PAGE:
Richfield Oil Fokker F.10 flying.jpg
Role Passenger and military transport
National origin United States
Manufacturer Fokker Aircraft Corporation of America
Introduction 1927
Number built 65
Developed from Fokker F.VII

The Fokker F-10 was an enlarged development of the Fokker F.VII airliner, built in the late 1920s by the Fokker Aircraft Corporation of America. It carried 12 passengers, four more than the F.VII, and had a larger wing and more powerful engines.

Operational history

Fokker built 65 for commercial and military service. After the crash of a Transcontinental & Western Air F-10 in 1931, killing Notre Dame football coach Knute Rockne and seven others, which was caused by the deterioration of the wooden wing spar, the type was temporarily grounded, and it was required to undergo more frequent and rigorous inspection. Its public image was also greatly damaged, leading to its early retirement from U.S. airlines.


USAAC Fokker C-5
USAAC Fokker C-5
Initial production variant
Improved and revised 14-passenger variant powered by three 420 hp (310 kW) Pratt & Whitney Wasp radial engines,[1] often called the Super Trimotor.
United States Army designation for the evaluation of one re-engined F-10A powered by three Wright R-975 radials.
Light bomber version.
United States Navy designation for the evaluation of one F-10A.


Civil operators

 United States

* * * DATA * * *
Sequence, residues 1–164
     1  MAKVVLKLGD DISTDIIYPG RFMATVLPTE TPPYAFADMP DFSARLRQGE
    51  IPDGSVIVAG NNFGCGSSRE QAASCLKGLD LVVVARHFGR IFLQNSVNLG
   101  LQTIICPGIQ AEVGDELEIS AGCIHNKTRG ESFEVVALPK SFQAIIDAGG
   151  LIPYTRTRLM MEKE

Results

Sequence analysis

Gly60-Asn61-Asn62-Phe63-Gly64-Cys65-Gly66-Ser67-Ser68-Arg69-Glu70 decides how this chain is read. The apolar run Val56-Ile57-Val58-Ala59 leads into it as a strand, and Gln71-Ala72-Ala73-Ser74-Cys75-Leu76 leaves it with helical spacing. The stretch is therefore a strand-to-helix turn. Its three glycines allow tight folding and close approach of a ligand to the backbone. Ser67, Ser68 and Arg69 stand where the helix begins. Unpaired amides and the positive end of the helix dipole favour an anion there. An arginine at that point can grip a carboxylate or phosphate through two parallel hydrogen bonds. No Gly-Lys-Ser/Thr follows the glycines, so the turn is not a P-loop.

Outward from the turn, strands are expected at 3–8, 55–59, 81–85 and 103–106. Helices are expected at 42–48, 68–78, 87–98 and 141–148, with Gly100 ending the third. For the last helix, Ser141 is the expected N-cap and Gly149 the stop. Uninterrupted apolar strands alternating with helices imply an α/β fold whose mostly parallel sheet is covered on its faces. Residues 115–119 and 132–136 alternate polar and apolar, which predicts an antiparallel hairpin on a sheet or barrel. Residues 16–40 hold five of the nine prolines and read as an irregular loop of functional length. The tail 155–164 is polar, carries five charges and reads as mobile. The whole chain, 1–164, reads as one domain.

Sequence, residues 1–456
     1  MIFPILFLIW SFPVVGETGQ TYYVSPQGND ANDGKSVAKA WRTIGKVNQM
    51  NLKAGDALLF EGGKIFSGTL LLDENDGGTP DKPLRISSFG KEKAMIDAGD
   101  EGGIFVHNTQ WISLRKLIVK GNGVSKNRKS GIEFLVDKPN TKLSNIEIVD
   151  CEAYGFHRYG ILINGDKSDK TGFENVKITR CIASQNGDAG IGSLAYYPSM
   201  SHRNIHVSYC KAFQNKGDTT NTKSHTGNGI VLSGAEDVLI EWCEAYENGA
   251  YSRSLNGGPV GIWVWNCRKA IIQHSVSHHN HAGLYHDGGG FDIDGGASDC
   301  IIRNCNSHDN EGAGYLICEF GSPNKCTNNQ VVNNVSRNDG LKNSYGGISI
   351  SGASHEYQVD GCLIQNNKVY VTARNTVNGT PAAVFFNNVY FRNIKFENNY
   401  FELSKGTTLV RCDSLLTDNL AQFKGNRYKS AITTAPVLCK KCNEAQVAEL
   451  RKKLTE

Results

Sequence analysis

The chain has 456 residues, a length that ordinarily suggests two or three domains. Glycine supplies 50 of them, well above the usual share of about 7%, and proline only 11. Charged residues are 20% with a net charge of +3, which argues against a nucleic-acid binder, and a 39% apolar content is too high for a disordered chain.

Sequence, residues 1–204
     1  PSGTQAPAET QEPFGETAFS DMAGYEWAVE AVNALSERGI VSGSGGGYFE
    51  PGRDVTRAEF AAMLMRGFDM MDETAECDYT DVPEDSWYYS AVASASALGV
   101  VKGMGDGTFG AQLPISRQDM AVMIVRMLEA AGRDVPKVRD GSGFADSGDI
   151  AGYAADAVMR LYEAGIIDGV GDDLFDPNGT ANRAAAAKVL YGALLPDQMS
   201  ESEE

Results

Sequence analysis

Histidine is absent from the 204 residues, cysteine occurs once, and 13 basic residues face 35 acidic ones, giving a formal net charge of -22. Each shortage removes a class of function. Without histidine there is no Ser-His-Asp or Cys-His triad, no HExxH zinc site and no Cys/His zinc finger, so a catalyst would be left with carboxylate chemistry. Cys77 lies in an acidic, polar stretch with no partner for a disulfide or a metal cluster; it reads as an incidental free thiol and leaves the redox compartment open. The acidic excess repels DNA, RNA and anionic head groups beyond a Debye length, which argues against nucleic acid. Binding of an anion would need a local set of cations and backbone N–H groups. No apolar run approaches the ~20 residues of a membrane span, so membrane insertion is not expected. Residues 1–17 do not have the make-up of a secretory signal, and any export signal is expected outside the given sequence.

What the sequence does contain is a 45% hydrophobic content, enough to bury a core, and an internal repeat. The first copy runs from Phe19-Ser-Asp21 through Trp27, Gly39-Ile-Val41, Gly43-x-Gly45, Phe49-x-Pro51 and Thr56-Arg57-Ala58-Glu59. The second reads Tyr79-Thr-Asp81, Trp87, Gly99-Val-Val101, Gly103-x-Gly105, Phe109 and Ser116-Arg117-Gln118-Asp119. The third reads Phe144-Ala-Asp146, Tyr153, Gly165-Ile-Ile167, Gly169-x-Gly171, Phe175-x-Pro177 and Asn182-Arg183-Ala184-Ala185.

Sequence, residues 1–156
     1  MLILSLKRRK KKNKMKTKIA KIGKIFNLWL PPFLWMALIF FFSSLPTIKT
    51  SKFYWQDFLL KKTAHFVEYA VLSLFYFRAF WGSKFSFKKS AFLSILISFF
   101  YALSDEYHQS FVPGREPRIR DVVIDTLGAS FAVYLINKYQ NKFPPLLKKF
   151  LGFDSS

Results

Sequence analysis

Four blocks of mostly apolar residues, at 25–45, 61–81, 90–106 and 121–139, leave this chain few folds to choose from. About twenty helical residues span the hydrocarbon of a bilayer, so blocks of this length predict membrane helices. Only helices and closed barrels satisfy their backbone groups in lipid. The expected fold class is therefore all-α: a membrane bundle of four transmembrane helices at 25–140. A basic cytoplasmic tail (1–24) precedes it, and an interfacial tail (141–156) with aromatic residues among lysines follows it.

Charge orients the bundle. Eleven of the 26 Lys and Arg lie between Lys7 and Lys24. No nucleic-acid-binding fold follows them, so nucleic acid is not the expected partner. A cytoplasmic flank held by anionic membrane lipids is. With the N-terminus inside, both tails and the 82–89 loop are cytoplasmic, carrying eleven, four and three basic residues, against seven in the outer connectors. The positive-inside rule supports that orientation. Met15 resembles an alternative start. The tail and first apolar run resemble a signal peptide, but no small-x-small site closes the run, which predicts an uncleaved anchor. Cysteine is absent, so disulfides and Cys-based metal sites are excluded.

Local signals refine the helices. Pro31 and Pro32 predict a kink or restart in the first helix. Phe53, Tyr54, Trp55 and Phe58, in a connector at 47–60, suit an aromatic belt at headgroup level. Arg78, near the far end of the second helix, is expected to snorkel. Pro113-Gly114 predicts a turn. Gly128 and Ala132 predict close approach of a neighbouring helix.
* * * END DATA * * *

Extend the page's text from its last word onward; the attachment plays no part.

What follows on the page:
Military operators

 United States

Accidents and incidents

Specifications (F-10)

Western Air Express Fokker F-10, Oakland, May 1932
Western Air Express Fokker F-10, Oakland, May 1932

Data from Jane's all the World's Aircraft 1928,[5] Aero Favourites:Fokker F.10[6]

General characteristics


See also

Related development

Aircraft of comparable role, configuration, and era


  1. ^ AAHS Journal: 42. Spring 2004. ((cite journal)): Missing or empty |title= (help)
  2. ^ Living History
  3. ^ a b "Archived copy". Archived from the original on 2015-07-29. Retrieved 2015-05-12.((cite web)): CS1 maint: archived copy as title (link)
  4. ^ Cargo Aircraft Designations
  5. ^ Grey, C.G., ed. (1928). Jane's all the World's Aircraft 1928. London: Sampson Low, Marston & company, ltd. pp. 18d–19d.
  6. ^ "Fokker F.VII". aerofavourites.nl. Archived from the original on 24 July 2011. Retrieved 22 January 2018.